Mike Ilitch will be remembered this week for his big visions and his even bigger contributions, particularly in Detroit.
Yet, some 600 miles to the southwest, in a little town called Paducah, Kentucky, he’s being remembered for his big heart.
In 2004, Ilitch read an article about a soldier who had lost both of his legs in the Iraq war, and he wanted to do something.
In typical Ilitch style, he did something big — giving U.S. Army veteran Robbie Doughty a Little Caesars franchise, and for free. The store opened in late January 2007, celebrating its 10th anniversary less than two weeks before Ilitch died Friday night at 87.
Son Christopher rises to fill Ilitch’s big shoes
“When you come back home from something like that, and certainly don’t get me wrong, the VA and the military are obviously gonna take care of you,” said Doughty, who was gravely wounded in a roadside bomb attack in Samarra, Iraq, “but you’re kind of forced to move on to the next chapter at that point.”
In 2004, while Doughty was being treated at Walter Reed National Military Medical Center in Bethesda, Maryland, he was profiled in USA Today. Ilitch, long an avid newspaper reader, was touched by
So Ilitch had his people track down Doughty’s family. They found an aunt and uncle, who were confused by the phone call.
“They called me and left a message, ‘I think somebody from Domino’s or something has called,’ ” Doughty said with a chuckle over the phone Monday afternoon. “I was like, I had no idea what that was about until I called back.”
Doughty called and got Ilitch’s associates, who quickly got him right on the phone with Ilitch, who explained what he wanted to do.
Doughty was shocked.
“Disbelief,” he said. “That’s certainly not something that happens every day, every year, even every decade for a person like me. It was amazing.”
Doughty’s story laid the foundation for one of Ilitch’s many charitable endeavors, the Little Caesars Veterans Program. Doughty was given his franchise; those who have come after him have gotten significant franchise-fee discounts as they work to integrate back into society after their military careers have ended. That often can be a very difficult process for veterans, wounded or not.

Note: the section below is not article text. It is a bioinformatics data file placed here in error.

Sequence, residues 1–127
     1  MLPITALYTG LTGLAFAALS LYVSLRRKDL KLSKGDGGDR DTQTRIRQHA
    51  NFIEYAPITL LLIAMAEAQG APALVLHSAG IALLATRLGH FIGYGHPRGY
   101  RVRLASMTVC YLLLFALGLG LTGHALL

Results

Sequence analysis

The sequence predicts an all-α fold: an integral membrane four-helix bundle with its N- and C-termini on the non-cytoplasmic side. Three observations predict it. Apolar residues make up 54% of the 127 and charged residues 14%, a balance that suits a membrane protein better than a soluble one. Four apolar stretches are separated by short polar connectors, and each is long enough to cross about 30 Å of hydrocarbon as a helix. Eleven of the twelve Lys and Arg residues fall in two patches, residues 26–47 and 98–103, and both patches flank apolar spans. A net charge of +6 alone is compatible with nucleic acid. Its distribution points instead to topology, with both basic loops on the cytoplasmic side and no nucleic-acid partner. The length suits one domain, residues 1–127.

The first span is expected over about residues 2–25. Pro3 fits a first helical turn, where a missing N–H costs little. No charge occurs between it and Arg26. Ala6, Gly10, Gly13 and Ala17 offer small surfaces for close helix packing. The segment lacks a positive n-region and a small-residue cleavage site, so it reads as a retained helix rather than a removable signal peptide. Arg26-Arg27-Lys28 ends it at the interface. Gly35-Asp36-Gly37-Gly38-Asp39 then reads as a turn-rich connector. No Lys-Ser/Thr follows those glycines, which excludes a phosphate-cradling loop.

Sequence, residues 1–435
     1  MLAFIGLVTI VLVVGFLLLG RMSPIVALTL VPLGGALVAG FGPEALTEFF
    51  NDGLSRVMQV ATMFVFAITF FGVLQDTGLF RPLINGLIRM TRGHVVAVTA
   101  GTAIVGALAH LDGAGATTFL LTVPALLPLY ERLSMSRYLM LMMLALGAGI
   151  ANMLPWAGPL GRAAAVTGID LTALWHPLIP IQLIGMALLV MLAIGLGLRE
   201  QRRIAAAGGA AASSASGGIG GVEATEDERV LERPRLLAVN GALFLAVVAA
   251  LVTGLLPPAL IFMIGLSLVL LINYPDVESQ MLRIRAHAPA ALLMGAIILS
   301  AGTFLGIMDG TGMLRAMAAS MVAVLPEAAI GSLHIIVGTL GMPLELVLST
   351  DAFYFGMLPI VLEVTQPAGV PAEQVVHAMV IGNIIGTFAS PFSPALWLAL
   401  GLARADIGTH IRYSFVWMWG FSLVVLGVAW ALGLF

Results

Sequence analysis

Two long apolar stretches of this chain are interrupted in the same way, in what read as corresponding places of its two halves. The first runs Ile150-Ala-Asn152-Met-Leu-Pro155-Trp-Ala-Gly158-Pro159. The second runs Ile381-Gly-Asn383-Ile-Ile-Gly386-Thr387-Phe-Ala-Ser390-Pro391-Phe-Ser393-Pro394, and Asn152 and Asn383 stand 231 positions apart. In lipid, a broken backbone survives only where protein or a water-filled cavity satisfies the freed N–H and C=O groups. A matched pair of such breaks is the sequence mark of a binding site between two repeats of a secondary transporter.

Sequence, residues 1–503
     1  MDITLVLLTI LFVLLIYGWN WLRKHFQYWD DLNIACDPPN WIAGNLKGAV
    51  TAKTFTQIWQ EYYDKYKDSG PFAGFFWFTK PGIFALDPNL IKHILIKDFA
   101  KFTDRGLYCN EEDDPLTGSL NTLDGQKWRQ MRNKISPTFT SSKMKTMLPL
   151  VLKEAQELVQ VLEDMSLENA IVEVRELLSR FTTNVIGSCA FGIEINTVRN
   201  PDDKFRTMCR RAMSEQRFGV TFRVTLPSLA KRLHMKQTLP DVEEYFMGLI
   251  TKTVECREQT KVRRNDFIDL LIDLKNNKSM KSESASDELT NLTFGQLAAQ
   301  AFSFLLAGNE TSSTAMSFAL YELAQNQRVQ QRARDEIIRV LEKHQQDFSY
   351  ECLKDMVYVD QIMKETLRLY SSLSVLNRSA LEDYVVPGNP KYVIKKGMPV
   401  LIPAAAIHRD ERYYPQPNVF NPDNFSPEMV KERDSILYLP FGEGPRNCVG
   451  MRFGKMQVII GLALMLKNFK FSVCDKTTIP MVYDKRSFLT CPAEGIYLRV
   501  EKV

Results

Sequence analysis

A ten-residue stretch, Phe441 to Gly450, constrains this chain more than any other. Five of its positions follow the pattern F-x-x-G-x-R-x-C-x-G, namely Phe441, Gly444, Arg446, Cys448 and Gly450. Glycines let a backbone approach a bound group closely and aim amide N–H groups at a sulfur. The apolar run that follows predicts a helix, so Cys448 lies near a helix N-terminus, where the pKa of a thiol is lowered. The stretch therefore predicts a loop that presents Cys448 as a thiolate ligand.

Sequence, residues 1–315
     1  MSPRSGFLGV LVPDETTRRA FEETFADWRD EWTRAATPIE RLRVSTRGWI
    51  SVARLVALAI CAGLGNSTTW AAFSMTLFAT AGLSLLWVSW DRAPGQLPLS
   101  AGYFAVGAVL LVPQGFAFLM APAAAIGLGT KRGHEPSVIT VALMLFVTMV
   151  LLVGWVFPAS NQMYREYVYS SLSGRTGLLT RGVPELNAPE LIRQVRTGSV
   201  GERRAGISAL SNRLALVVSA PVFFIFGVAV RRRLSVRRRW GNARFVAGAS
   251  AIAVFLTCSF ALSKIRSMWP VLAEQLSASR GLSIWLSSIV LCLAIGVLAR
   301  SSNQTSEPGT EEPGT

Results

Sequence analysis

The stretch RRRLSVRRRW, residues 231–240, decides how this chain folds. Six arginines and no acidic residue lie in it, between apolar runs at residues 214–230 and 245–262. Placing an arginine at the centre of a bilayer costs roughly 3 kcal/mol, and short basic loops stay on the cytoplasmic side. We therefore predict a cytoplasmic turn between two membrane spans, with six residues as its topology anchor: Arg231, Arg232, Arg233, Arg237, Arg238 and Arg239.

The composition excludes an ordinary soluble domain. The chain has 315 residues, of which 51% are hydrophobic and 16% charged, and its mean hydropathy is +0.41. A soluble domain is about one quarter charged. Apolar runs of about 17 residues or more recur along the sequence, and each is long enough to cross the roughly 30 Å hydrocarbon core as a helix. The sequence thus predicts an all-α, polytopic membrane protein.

The following year, in 2005, Doughty traveled to Detroit to meet with Ilitch and discuss the specifics. In early 2007, Ilitch traveled to Kentucky, along with his son, Christopher, to help Doughty officially open the store. It was a life-altering moment, if not a life-saving one.
“Doughty stood strong for our country,” Ilitch said at the time. “I was so impressed by his courage, commitment and upbeat attitude in the face of adversity that I wanted to do something. Offering him a new career path in his hometown seemed like a good transition. Doughty’s ‘can-do’ attitude will make him a strong Little Caesars franchisee.”
Doughty said he would have “found something” to do after the Army, but he had no idea what that would’ve been. He thought he might be an Army lifer. If not, he thought about maybe law enforcement. Of course, those were ideas with the assumption he would leave the Army on his own terms.
He didn’t. A roadside bomb assured that.
“They obviously made it a very easy choice for me to go that route,” said Doughty, now 42 with a 10-year-old son. “When the opportunity presented itself, I jumped on it immediately.”
Ilitch spent four years in the Marines in the late 1940s and early 1950s, returning home to play minor-league baseball before, eventually, opening the first pizza store
that would give rise to a multi-billion-dollar empire. Little Caesars long has given away free pizza to veterans on Veterans Day each November.
While Doughty’s story has been told many times, those charitable tales always take a back seat to Ilitch’s big spotlight deals, like his work with the Red Wings, the Tigers, Comerica Park, Little Caesars Arena, the Fox Theatre, and so on.
But as he became one of the wealthiest men in the world, Ilitch stayed remarkably humble and giving. He once told Fox Sports Detroit that his wife, Marian, came up to him decades ago — well before the billions, or even the millions — and said they had a nice year, revenue-wise, but that all the charity was significantly shrinking the profits. So Ilitch dialed it back for a bit, but not for long.
He famously paid civil-rights icon Rosa Parks’ rent in Detroit when she was on the verge of eviction late in life. Some big guns benefited from his heart, too. In April 2009, with the automobile industry dangerously on the brink of collapse, General Motors no longer could afford to sponsor Comerica Park’s center-field fountain — prime advertising real estate. An unnamed company swooped in with a seven-figure offer, but Ilitch said, “Thanks, but no thanks.” Instead, he added the logos of Chrysler and Ford to the left and right, respectively, of General Motors’, with the tagline, “The Detroit Tigers Support Our Automakers.” Total bill: Not a penny.
Then there was Doughty, whose life nearly ended that day in Iraq. Now, thanks to Ilitch, his life has turned for the better.
“Obviously, he meant a tremendous amount to me,” Doughty said. “It just meant the world to me and my family.”
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